Fayetteville skips instant runoff voting opportunity
FayObserver.com - May 29, 2009
...The Fayetteville City Council decided against participating in the state’s pilot program this fall. The program would have eliminated the city primary, which will be Oct. 6.
The city, which holds elections biannually in odd-numbered years, usually needs a primary for some of its council districts. The two candidates with the most votes in each primary contest advance to the general election in November.
Mayor Tony Chavonne said he discussed the idea with other council members in recent weeks, and the consensus was to pass on the idea.
“It’s so complicated, we didn’t think we had enough time to understand it ourselves, much less educate citizens about it,” Chavonne said...
Saturday, May 30, 2009
Sunday, May 24, 2009
Elections director says instant runoff tallies could take weeks to count by Curtis Gilbert, Minnesota Public Radio May 21, 2009 Members of the Minneapolis City Council found out today that they'll likely have to wait a month or more after election day to find out whether they win re-election this year. City elections officials estimate it will take between 30 and 60 days -- working 8-hours-a-day, 7-days a-week -- to tally ballots under the city's new instant runoff voting system.
Minneapolis — Up until this year, Minneapolis residents have voted for mayor, city council, park board and other municipal offices the old fashioned way. You choose your favorite candidate and vote for him or her.
Whoever gets the most votes wins. But that's all going to change. With instant runoff voting, you can cast your ballot for a first-choice candidate, a second-choice and a third.
Counting those ballots is a complicated and time-consuming process; it involves a series of rounds, called runoffs. The city's vote-counting machines will be able to help a little bit, but most of the work has to be done by hand. ...Ostrow said, at this point, he would vote to delay instant runoff voting until there are machines to handle the counting.But he said he's in the minority on the city council.
Turns out the only thing instant about instant runoff is the situation where you have to decide your second and third choices before knowing how that choice will impact the outcome of the election. Counting IRV is certainly not instant. Unlike with regular elections, you can't just tally up totals. You have to consider each individual ballot and each choice on that ballot and re-allocate as that jurisdiction rules indicate. In Aspen, this meant stopping the count when a candidate in each of 3 contests had 1,273 votes each. But in Minneapolis, they do not have software to tally IRV, and they have different counting rules, so officials there will count until they drop, or somewhere from a few weeks to 2 months.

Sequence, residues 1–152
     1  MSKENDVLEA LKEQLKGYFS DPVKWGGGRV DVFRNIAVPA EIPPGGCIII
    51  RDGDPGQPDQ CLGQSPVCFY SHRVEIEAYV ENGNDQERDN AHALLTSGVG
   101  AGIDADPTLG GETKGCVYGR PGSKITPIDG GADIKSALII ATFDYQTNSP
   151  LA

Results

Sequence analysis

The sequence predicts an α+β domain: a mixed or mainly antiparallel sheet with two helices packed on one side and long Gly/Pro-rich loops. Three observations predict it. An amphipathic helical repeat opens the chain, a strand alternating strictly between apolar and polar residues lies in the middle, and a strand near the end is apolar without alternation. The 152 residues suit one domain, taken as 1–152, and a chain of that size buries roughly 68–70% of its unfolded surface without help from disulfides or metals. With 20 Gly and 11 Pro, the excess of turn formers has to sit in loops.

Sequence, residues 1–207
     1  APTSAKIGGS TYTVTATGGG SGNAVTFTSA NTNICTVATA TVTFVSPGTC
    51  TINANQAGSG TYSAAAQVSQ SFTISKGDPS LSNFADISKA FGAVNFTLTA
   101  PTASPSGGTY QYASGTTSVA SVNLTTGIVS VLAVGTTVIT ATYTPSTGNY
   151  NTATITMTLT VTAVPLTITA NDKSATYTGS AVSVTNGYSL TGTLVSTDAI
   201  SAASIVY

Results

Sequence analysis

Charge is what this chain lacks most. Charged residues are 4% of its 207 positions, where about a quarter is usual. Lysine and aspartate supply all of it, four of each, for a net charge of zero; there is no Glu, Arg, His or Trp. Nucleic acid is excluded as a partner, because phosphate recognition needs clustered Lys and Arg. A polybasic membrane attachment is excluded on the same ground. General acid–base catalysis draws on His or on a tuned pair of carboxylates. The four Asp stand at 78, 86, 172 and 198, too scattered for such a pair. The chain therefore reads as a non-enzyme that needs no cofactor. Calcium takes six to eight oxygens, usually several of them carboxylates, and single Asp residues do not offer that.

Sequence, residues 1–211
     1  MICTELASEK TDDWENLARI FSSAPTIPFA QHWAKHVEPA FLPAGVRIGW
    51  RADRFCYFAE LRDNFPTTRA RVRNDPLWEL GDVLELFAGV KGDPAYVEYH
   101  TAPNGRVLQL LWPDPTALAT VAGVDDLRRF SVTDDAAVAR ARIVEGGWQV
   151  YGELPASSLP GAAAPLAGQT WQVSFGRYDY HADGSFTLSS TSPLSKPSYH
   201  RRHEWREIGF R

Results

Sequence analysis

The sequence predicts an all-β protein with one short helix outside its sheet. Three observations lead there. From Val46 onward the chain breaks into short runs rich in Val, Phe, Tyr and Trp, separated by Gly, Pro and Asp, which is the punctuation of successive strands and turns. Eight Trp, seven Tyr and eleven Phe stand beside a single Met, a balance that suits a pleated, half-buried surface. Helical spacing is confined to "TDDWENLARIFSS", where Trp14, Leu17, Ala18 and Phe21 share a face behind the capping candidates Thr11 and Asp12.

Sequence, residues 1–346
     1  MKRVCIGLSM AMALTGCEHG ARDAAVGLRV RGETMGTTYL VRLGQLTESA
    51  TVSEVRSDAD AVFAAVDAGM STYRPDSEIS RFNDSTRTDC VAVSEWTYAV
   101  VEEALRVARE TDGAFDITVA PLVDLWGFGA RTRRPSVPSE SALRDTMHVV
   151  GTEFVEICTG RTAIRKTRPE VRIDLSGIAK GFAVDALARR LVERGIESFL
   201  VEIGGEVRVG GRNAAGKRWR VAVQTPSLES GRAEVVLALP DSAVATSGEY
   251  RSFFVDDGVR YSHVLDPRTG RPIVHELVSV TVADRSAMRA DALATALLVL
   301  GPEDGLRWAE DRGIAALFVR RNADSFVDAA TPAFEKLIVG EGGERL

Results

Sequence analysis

Cary NC tries IRV, then says ‘no more’
Cary NC is one of a handful of jurisdictions across the US that have experimented with Instant Runoff Voting (IRV). It has often been touted by IRV proponents a a huge success story.
But Cary NC is no longer an IRV jurisdiction and IRV supporters just don’t talk about it any more — because the Cary City Council voted recently against continuing with the pilot program that had seen put in place for the 2007 election cycle.
....The counting of IRV is complex — the elimination of some candidates at the end of the first round means that second choice votes are transferred to other candidates. If a third round is required the elimination and transfer process continues. The average voter has to place great trust in the reliability of the counting algorithm in a way far beyond what is necessary in plurality voting. So the counting is opaque and non-transparent — a kind of voting voodoo with election officials in the role of witch doctor producing the magical results. If one believes strongly that the average voter should be able to understand and observe the counting of votes in a democracy, then IRV fails to meet this standard.
And there you have the reason that so few jurisdictions go to the trouble and jump through the hoops for IRV. Because the process is not transparent and often the results do not make sense. Like in Aspen where in three contests each winner had same number of votes. Or in Cary, where the winner did not win with a majority. It is hard to count, and apparently in some cases the rules are made up as they go along. Aspen Colorado's IRV has been compared to "Football rules" in the piece "Street Football" or how they crossed the threshold by pulling votes out of their "Asspen"!